Editorial: Opposing discrimination
In his 1996 dissent in Romer v Evans, Justice Scalia argues:
“But I had thought that one could consider certain conduct reprehensible — murder, for example, or polygamy, or cruelty to animals — and could exhibit even ‘animus’ toward such conduct.”
Scalia opines that if a law is unconstitutional because it is based on moral disapproval of homosexuality that laws against murder, beastiality, etc. are also unconstitutional because they lie on a similar moral basis. While the majority suggests Scalia makes no clear linkage between murderous and homosexual conduct, those dissenting argue a very clear association is made. Scalia also ignores the government’s compelling interest in punishing violent and forcible actions that harm others, as these laws are not based in a merely moral objection. Similarly, the government possesses interest in equally defending and protecting one’s right to government sanctioned institutions, like marriage — barring any moral objection.
The comparison to murder, even if implicit, is offensive. Scalia’s remarks are a category error, because they compare the moral characteristics of heinous crimes like murder and bestiality to the consensual actions of two adults. Scalia’s argument recalls a similar false comparison that historically defended a prohibition on interracial marriages. Now that bigoted American narrative is applied to LGBT equality, specifically same-sex marriage. Thus the media and others are generally fair in recognizing and condemning Scalia’s thinly veiled discrimination.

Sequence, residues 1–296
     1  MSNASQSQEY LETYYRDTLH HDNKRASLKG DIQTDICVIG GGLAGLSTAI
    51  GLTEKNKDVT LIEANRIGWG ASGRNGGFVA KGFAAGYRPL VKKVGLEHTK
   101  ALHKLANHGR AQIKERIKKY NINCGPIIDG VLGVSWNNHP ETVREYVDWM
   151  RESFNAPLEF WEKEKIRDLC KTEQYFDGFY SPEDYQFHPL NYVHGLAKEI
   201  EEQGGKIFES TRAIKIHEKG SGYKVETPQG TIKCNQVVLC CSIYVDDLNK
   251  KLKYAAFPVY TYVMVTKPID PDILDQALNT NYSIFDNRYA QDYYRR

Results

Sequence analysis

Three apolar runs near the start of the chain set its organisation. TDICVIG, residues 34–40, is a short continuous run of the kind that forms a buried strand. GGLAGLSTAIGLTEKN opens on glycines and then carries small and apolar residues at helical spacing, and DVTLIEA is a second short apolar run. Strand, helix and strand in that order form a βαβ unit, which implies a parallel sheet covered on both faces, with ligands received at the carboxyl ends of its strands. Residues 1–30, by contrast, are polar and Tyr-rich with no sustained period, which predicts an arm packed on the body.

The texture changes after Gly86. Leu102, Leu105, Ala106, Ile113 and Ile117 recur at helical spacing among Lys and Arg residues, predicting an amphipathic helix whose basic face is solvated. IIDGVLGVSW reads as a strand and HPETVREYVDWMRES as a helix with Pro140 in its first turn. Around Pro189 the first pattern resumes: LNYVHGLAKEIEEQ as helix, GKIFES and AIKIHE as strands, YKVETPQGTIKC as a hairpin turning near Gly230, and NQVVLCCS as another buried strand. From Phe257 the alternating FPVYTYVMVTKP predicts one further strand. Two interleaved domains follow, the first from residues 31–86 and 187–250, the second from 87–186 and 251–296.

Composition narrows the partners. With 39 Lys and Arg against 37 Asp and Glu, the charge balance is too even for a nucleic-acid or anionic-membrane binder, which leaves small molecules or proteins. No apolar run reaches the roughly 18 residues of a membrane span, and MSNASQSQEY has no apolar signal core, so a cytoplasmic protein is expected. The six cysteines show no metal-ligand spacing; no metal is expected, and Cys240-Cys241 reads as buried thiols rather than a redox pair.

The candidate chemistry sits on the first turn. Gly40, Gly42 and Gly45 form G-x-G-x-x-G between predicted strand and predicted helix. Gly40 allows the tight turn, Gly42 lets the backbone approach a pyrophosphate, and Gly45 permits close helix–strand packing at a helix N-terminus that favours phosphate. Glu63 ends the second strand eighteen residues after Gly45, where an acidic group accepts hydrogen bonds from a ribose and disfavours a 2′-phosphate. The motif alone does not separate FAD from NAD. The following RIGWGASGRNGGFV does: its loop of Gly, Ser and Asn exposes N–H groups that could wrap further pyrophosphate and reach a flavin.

Ray Chao ’15, Daniel Cullen’ 13, Brandon Holt ’15, Ethan Jamnik ’15, Robert Joyce ’13, Evan Larson ’13, Daphna LeGall ’15, Eve Levin ’14, Horton ’15, Connor Mui ’14, Lily Offit ’15, Varun Sharma ’15, Jillian Wilkowski ’15